The Impact of a Short-Wave Trough on Boundary-Layer Evolution during a Lake-Effect Snow Event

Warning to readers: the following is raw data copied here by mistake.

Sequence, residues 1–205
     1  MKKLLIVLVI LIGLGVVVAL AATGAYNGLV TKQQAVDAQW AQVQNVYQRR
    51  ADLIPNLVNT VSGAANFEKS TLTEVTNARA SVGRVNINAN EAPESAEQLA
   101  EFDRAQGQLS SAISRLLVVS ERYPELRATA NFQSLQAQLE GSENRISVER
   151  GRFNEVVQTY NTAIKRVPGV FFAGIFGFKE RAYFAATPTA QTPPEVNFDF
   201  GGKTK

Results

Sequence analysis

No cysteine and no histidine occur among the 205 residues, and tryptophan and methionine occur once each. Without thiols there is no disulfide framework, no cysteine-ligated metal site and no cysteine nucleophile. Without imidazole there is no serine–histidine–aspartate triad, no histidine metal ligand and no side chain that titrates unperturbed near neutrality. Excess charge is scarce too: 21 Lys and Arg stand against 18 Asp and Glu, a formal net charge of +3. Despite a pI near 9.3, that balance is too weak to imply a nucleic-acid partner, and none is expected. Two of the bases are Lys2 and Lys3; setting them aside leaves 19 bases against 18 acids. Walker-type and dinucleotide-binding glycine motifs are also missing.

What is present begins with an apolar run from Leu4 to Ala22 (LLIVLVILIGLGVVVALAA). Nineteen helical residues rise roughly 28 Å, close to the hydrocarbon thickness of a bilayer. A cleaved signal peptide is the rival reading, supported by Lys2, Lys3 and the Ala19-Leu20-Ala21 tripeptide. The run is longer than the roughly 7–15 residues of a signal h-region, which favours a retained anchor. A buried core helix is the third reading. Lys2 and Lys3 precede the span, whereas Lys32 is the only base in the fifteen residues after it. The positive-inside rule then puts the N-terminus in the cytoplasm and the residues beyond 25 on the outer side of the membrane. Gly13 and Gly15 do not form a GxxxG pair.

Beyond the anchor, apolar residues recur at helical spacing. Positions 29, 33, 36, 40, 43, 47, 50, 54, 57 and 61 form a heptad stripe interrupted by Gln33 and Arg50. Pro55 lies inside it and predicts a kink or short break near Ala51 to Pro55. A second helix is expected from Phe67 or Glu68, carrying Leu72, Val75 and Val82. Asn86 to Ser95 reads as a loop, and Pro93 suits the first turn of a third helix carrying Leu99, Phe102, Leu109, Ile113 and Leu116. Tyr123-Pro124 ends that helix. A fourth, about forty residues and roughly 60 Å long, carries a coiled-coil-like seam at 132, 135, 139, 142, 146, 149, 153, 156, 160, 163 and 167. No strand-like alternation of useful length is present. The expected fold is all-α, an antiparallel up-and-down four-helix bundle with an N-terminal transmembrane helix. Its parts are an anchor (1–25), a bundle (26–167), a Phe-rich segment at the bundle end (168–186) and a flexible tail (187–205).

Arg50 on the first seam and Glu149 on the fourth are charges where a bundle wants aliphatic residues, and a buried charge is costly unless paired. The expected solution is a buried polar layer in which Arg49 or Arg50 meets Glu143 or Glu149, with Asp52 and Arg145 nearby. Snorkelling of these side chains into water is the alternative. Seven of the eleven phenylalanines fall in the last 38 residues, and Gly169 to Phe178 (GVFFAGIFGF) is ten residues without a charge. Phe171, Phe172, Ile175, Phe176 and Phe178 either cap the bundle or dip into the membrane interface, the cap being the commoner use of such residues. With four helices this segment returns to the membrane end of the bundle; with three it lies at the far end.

Sounding data taken during the passage of this first short-wave trough shows that the boundary-layer depth increased ahead of the trough passage both north and south of the lake-effect band. This boundary layer deepening resulted in a rapid increase in convective intensity. Following the short-wave trough passage, both the boundary-layer depth and the resulting convective intensity decreased. Furthermore, the short-wave trough had an influence on lake-effect snow maintenance in the presence of boundary-layer shear. Conventional wisdom suggests that boundary-layer directional shear in excess of 60° will destroy lake-effect snow. However, the lake-effect band reached its most intense stage as the short-wave trough approached and 60–80° of boundary layer shear was present. Likely, the approaching short-wave trough created a favorable dynamical environment, which allowed the lake effect to persist in spite of an unfavorable shear environment.